Updated: Feb 22
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What does the budget mean for Women Entrepreneurs?
The Coalition believes the new budget will boost the confidence of the Australian business community, but with women entrepreneurs being the most affected by the pandemic – what does this mean for them?
The 2020-21 budget has been announced amidst COVID-19 recovery and efforts have been made to stimulate the economy; to rebuild businesses, get youth into the workforce, and provide support to families.
The budget has a youth focus and continues to benefit men, who are the majority of high-income earners. This leaves women aged 45 and older the least represented in this year’s budget. With men receiving 60% of the tax change benefits, it raises the question, how can women overcome and make the most from the budget’s affordances?
There are several avenues and programs that the Government has tried to support women. As part of the budget, the government included the Women’s Economic Security Statement, which aims to increase female workplace participation and increase their economic independence.
Some projects include the $50 million plan called Women@Work, which will expand on the existing Women’s Leadership and Development Program. Out of this, $47.5 million will be put towards nurturing projects that help women retain employment and build career pathways. This will also encourage women employment in previously male-dominated fields, for example, the Master Builders Australia which aims to expand women in the construction industry.
An important aspect of creating female entrepreneurs is education, and the Academy for Enterprising Girls is a program aimed at teaching girls ages 10-18 about entrepreneurship, design thinking, and business skills. In this budget, $5 million has been pledged and there is a focus on expanding the program to rural towns.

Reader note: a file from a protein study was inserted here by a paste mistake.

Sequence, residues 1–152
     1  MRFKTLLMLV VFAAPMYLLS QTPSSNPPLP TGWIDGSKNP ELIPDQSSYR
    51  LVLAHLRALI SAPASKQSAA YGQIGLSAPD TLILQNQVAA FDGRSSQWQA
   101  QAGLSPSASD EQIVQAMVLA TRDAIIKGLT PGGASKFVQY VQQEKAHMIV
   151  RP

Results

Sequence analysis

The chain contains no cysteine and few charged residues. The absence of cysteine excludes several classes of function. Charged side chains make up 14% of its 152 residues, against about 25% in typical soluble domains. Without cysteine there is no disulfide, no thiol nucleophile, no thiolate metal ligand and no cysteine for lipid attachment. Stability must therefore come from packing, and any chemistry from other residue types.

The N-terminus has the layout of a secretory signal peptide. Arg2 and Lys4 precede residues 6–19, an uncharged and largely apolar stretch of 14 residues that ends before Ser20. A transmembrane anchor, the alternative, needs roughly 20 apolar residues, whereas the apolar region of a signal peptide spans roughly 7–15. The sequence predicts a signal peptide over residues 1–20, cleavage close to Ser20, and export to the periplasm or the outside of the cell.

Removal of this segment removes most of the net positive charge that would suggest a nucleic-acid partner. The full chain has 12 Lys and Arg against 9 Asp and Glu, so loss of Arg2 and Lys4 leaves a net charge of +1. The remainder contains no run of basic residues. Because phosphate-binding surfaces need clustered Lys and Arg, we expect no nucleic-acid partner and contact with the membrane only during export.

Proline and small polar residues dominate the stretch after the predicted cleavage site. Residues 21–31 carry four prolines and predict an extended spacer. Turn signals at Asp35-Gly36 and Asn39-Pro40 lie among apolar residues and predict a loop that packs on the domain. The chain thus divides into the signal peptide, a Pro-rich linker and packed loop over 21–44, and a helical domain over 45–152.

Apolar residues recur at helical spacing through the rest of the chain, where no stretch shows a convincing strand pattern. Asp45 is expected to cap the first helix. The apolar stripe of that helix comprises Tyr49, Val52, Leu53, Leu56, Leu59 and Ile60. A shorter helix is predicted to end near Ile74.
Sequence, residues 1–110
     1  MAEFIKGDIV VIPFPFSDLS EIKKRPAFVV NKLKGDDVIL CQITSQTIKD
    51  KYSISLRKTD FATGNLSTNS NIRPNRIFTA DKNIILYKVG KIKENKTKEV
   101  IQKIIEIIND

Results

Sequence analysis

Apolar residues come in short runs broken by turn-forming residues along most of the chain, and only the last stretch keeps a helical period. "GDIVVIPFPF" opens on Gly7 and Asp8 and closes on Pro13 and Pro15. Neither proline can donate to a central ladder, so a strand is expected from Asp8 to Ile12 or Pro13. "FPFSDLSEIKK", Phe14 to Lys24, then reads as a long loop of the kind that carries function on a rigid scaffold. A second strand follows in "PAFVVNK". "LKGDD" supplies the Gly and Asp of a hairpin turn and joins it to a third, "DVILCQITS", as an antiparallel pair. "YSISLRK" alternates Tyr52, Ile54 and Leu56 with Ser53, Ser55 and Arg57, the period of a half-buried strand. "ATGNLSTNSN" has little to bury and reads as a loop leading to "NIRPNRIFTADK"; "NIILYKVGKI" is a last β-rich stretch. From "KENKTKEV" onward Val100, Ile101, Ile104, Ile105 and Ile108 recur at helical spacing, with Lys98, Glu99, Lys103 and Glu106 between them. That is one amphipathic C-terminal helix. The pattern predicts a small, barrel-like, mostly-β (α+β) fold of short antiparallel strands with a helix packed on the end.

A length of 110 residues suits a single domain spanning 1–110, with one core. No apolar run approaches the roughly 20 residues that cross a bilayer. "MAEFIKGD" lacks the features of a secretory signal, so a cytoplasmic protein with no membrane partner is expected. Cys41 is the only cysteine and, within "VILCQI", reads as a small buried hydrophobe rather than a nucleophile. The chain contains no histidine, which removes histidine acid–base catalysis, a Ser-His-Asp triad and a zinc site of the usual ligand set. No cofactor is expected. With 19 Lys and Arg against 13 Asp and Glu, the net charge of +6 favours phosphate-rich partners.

Women in STEM will also be supported with $14.5 million to extend programs, including Women in STEM Entrepreneurship (WISE) and the Girls in STEM Toolkit. Another $25.1 million have been promised to support STEM cadetships and apprenticeships.
Finally, the Boosting Female Founders Initiative which launched earlier this year, will fund 282 new female-led start-ups and supporting 4,300 women entrepreneurs to the tune of $35.9 million.
While this budget has favoured men over women, there are opportunities for women entrepreneurs and potential entrepreneurs to get educated and expand their business.
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Does your future career align with this budget? Do any of these new initiatives interest you? Do you think the government has provided enough funding for women? Let us know by leaving a comment below.
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